Parker might be a few years from graduation, but this internship helped him see that he wants to take on a customer support role when he finishes school. He enjoyed getting to work with product specialists in marketing at John Deere and could see himself growing into a position like theirs. 

Like Parker, Sydney Wheeler also got involved with John Deere through a career fair. “I saw their booth in the Agricultural Future of America career fair, and I have friends who had completed an internship with them in the past who really enjoyed it. I went up to the John Deere booth, started a conversation, and told them I was willing to relocate—that was a big selling point—and I immediately got pulled in the back for an interview.”

Wheeler, a senior in agricultural sales and marketing, grew up on a hobby farm. Her grandfather owned the land and homesteaded. From a young age, she had lots of animals, and she later joined FFA and interned as a crop scout during her sophomore year. She found her passion wherever she was helping people, which made her well-suited for John Deere and agricultural economics. 

Wheeler’s organizational and planning skills also helped her succeed in her internship. Most of her time was spent in the office. She liked the routine that came with a constant environment that allowed her to talk to and get to know the team she sat with.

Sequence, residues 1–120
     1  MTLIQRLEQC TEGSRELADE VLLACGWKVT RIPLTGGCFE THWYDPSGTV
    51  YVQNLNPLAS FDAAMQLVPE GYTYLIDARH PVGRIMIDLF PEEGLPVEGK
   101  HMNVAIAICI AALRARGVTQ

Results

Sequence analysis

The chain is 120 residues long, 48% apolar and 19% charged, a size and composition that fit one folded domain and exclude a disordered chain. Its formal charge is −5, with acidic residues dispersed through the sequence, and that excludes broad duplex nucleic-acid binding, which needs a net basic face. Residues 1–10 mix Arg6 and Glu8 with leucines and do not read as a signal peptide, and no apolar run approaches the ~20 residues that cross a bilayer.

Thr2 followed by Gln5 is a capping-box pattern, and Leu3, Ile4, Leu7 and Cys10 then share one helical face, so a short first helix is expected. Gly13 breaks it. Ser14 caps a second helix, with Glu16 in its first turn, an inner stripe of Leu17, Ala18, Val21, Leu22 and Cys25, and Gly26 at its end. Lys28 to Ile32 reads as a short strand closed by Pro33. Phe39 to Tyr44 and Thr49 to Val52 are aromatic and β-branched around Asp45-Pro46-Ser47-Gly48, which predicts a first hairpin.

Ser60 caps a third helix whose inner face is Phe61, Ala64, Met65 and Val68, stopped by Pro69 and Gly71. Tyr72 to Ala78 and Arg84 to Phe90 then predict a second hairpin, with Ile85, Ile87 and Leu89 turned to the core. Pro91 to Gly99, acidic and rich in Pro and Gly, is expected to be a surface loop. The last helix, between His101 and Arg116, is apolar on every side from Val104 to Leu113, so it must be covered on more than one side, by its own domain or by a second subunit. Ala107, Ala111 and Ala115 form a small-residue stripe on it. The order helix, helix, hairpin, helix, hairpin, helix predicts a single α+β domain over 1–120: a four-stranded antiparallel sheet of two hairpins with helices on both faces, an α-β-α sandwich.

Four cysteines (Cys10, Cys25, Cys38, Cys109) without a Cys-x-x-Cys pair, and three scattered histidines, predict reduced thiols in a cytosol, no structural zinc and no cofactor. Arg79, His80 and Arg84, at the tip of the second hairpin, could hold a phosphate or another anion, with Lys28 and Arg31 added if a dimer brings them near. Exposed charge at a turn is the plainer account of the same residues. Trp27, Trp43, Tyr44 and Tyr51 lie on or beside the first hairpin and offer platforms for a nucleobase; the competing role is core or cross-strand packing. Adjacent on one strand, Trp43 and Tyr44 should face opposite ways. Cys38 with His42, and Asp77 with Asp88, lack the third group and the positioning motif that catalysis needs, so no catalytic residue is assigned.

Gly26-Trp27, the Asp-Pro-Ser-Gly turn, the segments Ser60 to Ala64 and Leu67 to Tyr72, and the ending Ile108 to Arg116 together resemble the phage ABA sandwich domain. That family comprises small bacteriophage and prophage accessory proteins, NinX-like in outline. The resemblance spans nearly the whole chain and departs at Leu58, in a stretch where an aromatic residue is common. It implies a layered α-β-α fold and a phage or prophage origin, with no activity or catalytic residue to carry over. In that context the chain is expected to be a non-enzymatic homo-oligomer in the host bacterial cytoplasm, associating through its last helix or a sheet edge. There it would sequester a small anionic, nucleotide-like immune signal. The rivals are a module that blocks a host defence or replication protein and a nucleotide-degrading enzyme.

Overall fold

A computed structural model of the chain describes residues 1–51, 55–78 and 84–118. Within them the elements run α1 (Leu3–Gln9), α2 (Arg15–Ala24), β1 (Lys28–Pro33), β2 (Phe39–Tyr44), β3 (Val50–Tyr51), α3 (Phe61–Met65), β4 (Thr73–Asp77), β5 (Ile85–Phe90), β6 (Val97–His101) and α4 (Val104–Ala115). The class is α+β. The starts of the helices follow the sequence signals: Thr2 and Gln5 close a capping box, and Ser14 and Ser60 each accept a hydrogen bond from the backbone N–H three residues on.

Even though she spent a lot of time in one place, she tackled several different tasks and learned a lot. “John Deere makes it a priority to put you in a place where you can grow. They don’t just place you in a department you already know everything about. There’s an expectation that they’ll teach you something new while you’re here. I worked on building marketing materials, deliverables, and other promotional material for their new hay baler. I had to learn what a hay baler is and how they work. They didn’t expect me to already have this experience—they trained me.”

All that hard work and strong connections she built have already started to pay off for Wheeler. Not only is she working remotely now for DPH Biologicals, a company that produces bioactive fertilizers and seed coats, while she finishes school, but she also recently received very exciting news from her former employer. After realizing her potential during her internship this summer, John Deere offered Wheeler a full-time position in their marketing representative development program after she graduates in May. 

Wheeler was so excited that she “immediately called all of my coworkers individually to tell them.” This included Nick Flies and Rob Rippchen, two supervisors who had helped form Wheeler’s internship around her own goals.

Sydney Wheeler stands in front of the John Deere Ball Baler Sydney Wheeler got the chance to visit the fields and hay bales that the John Deere products she promoted worked on (left) and also saw the John Deere Ball Baler (middle).

Wheeler and Parker’s advice for anyone thinking of trying for internships is to pay attention in class. What you learn there is applicable to your work and real life—even if it doesn’t seem like it at first. And, if you’re scared, know that everyone is. Just go for it, there is nothing to lose and so much to be gained.